“…knowing that a man is not justified by the works of the law but by faith in Jesus Christ, even we have believed in Christ Jesus, that we might be justified by faith in Christ and not by the works of the law; for by the works of the law no flesh shall be justified.”
that a man is not justified
The word “justified” primarily sets forth the idea of to deem, declare or cause to be right. The standard for relating to God is God Himself. God cannot compromise His integrity. As an absolute being, He cannot do anything outside His character, nor can He live with anyone outside His character. Every person on earth, save one, has sinned (Romans 3:10,23). We all fall short of who God is in His righteousness.
Paul uses the word “justified” four times in verses 16 and 17. When we stand in God’s court, our Lawyer must defend us according to the laws of God, the laws that govern God Himself.
The word “justified” connotes the idea of receiving justification (passive voice). Justification is something that God does, not people. We do not earn or deserve justification for something we do.
by the works of the law
God declares people who believe Jesus died for their sins as right as He Himself is right, exclusively by faith, not works. God renders them as right as Himself the moment they place trust in Christ’s death as payment for their sin. God henceforth treats them as judicially right in His eyes. They are right because God resolved His justice at the cross.
but by [through] faith in Jesus Christ,
Paul uses a similar phrase, “by faith,” later in this verse. Faith is the instrument of salvation. There is no inherent merit in faith. The value is in the object of faith.
even we have believed in Christ Jesus,
“Believed” means to be persuaded of, and hence, to place confidence in. When we believe in Christ, we place confidence in or credit Jesus as the only One who can save us from our sins. We entrust our entire eternal future to Christ Jesus. He is worthy of our trust.
that we might be justified
The word “justified” is a causative verb in Greek. When we trust the death of Christ to forgive our sins, God declares or causes us to be as right as He is right forever. Justification is more than a declaration of the negative “not guilty.” It is a declaration of the positive of being as right as God is right.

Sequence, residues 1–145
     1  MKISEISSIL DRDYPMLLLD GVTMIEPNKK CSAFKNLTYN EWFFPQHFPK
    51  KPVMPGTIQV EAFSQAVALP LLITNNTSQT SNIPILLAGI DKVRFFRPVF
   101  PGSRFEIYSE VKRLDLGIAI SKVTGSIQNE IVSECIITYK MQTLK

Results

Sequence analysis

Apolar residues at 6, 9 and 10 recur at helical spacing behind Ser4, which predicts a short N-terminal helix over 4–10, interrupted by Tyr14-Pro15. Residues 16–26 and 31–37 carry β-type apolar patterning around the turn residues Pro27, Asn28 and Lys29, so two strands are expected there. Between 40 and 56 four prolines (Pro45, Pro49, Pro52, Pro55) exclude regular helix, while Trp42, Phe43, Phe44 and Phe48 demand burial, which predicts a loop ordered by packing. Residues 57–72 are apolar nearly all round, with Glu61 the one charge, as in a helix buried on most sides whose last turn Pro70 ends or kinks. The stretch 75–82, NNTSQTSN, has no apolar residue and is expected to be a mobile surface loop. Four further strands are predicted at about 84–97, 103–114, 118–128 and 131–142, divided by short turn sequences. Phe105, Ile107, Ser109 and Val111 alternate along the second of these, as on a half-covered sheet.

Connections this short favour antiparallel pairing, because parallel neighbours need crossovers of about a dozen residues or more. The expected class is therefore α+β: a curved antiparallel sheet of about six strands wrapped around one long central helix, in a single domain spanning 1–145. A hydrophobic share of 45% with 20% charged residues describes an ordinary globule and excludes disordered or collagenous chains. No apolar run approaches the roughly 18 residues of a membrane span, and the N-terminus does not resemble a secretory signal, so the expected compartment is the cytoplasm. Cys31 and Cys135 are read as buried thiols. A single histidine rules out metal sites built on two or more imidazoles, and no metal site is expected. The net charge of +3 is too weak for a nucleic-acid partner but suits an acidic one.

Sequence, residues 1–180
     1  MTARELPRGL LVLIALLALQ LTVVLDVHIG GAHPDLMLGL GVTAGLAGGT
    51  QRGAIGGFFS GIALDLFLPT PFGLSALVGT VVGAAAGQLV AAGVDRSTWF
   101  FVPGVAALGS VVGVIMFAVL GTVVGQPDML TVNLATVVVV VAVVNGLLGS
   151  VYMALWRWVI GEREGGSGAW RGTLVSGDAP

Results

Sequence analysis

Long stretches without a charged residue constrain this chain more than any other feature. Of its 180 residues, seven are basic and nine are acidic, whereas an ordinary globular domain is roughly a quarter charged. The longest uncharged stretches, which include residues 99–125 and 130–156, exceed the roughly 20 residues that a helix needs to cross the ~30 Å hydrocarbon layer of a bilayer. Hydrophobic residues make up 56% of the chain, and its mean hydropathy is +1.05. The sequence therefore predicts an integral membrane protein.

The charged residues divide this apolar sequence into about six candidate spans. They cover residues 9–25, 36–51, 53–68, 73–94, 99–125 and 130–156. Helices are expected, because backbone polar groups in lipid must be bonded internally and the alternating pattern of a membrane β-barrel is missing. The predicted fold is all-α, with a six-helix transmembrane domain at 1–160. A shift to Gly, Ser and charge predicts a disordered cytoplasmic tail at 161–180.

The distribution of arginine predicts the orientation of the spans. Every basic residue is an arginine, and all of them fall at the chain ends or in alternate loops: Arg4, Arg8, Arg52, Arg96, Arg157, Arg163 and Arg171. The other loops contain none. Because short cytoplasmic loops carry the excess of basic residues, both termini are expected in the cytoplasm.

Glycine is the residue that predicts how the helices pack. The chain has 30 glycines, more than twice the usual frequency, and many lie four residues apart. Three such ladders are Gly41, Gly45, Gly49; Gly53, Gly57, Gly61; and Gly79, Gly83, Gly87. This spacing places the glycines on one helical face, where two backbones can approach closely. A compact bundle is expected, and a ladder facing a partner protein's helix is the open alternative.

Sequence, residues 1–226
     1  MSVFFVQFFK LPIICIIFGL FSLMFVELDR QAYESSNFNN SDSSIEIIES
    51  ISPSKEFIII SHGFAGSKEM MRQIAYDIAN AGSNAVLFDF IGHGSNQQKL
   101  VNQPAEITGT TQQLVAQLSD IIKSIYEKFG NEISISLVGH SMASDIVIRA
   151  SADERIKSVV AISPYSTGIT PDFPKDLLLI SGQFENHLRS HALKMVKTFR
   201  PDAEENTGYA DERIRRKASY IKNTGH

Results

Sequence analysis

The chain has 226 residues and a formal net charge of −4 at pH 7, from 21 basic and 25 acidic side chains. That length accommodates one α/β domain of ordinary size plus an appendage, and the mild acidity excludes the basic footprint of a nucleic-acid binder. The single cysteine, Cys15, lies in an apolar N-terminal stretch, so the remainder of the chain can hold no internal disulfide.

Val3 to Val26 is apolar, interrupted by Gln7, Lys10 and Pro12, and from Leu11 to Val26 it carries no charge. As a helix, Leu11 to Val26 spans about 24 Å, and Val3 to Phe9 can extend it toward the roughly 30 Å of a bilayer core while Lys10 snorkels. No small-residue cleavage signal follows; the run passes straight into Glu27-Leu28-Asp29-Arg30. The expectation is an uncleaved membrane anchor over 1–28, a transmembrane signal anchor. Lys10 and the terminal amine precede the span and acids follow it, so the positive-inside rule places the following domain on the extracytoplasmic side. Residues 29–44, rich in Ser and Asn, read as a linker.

by [out of] faith in Christ
When we place our trust in Christ, we come to the place of full persuasion that we can trust Him for our eternal future. We rely on His character. Faith in Christ as our object of belief makes our faith valid. There is no validity in faith itself but in the object of what is believed. He is the reason for our confidence. Jesus is entirely believable because of His person and work.
and not by the works of the law;
Even noble keeping of the law cannot make a person measure up to God’s standard because every person has fallen short of God’s righteousness (Romans 3:10,19-24, 28).
for by the works of the law no flesh shall be justified
No quantity of keeping the law can bring a person to the point of justification. Three times in this passage, Paul declares that God justifies people by faith, and three times he affirms that God does not justify a person by the works of the law.
God’s own standard of absolute righteousness is the benchmark for us going to Heaven.
Any claim that God causes a person to be as right as He is right by works profanes God’s character. It is a standard far less than God Himself.
Some people think they are on sound footing with God if they keep the ten commandments. The purpose of the law was not to justify us but to show us our need for justification (Galatians 3). God never justified an Old Testament person by offering an animal sacrifice. Animal sacrifices merely illustrated the coming ultimate sacrifice. Neither does God justify anyone by keeping the laws of the Old Testament. The law only teaches us about the knowledge of sin and how it separates us from God.
We cannot go to a dying person and say, “Now you have to do more good works than bad to go to Heaven. You have to keep the ten commandments. Keep the golden rule.” There would be no hope for that person. “I do not have time to keep the golden rule. I only have a few hours of life left to live.” The good news is that Jesus will save poor, lost sinners at any point in their lives. The only way God accepts us is through pure grace.
Salvation is free of charge. God, who is undiminished righteousness, will declare a person who embraces the cross for forgiveness as righteous as He is righteous. This is not something humans can manufacture (Romans 3:10, 23). In the split-second we place our faith in the finished work of the Son of God on the cross, God causes us to be right in His eyes. God declares us to be more than innocent, acquitted, or pardoned. He declares us to be as right as He is. Only God can do that.